Posts Tagged ‘drama’

Here’s some out-of-the-box thinking that helps keep our industry fresh and inspired. Lionsgate films recently ran a promotion for its new thriller “The Last Exorcist,” using the popular website, Chatroullete.com. Online users cruise the website to videochat with random people, mainly men hoping to find a girl who will show them some skin and other men who do all the showing themselves. Capitalizing on their knowledge of Chatroulette.com’s users, Lionsgate entices them with an image of a woman who seems to be about to bare her chest. Just as she is about to show them what they want to see, the woman puts her head down. When she resurfaces the woman’s face is distorted, as if possessed by a demon, then she lunges at the screen. After the scary clip, the website for the film is displayed onscreen to the shocked Chatrouletters. This is a great example of a marketer getting creative about how to reach its target audience, although we suspect that the movie is getting more buzz from people talking about the frightening promotion, than the promotion itself.

Stereotypes and humor go back like spinal cords and car seats.

Last week G-Lo opened his foray into late-night comedy with an impressive 3.2 million viewers. However, some didn’t find George Lopez all that funny. The use of comedy to play up or disarm stereotypes is a double edged sword that “Lopez Tonight” wields voraciously.

The ability to laugh at oneself is an admirable trait, especially if you’re bi-cultural and enduring the struggle of assimilating and/or acculturating into the mainstream. But is there a line between reinforcing the same stereotypes that seem to perpetuate negativity and using them simply for laughs?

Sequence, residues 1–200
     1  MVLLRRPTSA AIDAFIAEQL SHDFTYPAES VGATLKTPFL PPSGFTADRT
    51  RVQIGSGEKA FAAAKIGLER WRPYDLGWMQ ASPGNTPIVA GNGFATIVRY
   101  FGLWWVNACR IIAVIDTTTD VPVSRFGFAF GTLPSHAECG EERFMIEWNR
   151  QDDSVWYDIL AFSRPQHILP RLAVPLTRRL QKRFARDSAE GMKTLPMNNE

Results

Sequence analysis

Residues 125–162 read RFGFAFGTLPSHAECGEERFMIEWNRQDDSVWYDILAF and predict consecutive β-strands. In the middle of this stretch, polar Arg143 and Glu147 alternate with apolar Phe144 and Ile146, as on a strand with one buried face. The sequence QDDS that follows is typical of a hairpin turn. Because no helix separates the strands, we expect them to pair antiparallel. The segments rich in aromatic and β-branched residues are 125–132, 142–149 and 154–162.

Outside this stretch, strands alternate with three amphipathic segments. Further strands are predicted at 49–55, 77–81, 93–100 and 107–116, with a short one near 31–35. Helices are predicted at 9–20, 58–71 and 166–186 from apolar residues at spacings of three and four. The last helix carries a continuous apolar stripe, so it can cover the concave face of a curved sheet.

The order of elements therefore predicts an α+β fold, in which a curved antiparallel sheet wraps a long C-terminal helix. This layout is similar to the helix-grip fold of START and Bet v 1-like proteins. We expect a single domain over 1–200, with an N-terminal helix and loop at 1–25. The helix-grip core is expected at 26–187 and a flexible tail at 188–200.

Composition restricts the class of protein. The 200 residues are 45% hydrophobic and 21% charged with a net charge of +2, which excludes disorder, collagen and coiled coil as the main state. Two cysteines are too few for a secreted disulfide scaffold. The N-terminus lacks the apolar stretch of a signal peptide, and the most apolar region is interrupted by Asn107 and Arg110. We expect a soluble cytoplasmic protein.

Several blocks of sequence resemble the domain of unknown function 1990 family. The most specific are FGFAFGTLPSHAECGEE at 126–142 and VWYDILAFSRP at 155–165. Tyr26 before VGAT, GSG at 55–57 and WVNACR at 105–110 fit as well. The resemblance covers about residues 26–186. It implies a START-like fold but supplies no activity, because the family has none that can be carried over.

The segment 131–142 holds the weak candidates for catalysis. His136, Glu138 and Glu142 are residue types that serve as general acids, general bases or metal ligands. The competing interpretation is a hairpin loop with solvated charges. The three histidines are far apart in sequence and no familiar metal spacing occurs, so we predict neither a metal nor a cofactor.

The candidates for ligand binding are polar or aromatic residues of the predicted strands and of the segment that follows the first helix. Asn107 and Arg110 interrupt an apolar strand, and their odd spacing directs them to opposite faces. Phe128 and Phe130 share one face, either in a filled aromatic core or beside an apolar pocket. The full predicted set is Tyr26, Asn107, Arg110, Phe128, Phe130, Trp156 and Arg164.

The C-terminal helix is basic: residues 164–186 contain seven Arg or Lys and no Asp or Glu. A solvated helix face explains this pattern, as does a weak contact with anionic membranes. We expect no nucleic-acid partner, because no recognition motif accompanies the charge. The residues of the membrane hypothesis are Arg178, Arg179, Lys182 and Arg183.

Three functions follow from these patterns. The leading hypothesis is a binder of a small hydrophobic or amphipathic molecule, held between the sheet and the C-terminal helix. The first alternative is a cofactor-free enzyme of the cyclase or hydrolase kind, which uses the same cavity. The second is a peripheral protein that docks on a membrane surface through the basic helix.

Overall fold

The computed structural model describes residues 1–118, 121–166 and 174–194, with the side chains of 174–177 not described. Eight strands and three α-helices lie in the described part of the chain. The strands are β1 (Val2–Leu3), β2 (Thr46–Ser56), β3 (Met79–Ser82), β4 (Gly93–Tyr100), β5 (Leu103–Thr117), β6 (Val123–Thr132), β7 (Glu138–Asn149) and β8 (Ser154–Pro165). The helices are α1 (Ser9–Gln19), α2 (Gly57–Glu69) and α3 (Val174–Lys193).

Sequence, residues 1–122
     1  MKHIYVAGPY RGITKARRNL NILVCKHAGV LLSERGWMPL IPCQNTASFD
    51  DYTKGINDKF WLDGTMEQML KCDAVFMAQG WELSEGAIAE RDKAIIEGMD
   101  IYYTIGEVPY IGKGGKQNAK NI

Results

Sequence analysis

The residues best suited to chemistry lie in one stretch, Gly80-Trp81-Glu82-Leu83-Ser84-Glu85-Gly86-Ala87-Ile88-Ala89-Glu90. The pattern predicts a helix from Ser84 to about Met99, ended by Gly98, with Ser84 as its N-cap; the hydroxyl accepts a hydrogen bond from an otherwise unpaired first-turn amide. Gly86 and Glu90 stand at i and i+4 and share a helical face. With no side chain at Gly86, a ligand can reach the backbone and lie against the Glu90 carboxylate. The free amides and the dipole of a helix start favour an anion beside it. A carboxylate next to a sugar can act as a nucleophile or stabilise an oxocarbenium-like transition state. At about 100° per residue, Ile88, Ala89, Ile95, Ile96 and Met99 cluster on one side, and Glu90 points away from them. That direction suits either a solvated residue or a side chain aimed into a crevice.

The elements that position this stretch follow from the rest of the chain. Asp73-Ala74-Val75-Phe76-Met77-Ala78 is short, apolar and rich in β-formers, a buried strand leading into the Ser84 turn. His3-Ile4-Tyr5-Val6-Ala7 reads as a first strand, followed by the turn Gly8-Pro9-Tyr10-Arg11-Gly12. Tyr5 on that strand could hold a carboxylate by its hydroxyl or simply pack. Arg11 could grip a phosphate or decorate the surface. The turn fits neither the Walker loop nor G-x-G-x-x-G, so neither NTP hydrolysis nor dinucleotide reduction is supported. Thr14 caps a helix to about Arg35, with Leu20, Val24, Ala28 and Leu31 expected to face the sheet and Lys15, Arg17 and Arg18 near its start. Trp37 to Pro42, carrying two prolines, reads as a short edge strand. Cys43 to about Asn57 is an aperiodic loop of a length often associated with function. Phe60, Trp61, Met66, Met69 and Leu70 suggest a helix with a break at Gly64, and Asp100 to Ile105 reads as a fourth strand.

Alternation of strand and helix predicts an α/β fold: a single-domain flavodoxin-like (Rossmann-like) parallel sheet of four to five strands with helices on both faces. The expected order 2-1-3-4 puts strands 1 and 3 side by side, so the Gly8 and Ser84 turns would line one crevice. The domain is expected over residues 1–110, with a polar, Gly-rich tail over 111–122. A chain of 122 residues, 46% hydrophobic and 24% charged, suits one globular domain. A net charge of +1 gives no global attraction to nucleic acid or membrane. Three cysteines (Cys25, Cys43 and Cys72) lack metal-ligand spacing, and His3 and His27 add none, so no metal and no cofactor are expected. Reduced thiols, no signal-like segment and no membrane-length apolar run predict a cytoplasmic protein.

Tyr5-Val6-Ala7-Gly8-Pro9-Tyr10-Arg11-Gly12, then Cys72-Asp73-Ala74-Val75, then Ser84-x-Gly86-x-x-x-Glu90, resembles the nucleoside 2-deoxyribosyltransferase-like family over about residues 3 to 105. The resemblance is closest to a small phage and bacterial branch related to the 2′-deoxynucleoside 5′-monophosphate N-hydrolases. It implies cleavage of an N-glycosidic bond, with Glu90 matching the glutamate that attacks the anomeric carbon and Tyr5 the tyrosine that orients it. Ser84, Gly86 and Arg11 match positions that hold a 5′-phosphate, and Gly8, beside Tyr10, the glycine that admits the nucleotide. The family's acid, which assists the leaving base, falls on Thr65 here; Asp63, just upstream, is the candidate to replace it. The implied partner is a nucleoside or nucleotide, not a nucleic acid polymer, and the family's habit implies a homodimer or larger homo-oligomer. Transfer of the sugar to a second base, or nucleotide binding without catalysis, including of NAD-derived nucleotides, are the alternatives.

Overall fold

For many, comedy is just what it is – entertainment. People have to realize that no matter what a comedian says, one has to undoubtedly always maintain respect for all races, cultures and viewpoints. This is a basic trait that many are taught by our elders…and it should never be compromised.

Honestly, comedy can be used for many different purposes but it shouldn’t be used as the main vehicle for changing stereotypes. We should never be too quick to take entertainers so seriously.  The ones that do most likely take themselves too seriously and my only advice to this uncomfortable group of individuals is a quote by Woody Allen: “Comedy just pokes at problems, rarely confronts them squarely. Drama is like a plate of meat and potatoes, comedy is rather the dessert, a bit like meringue.”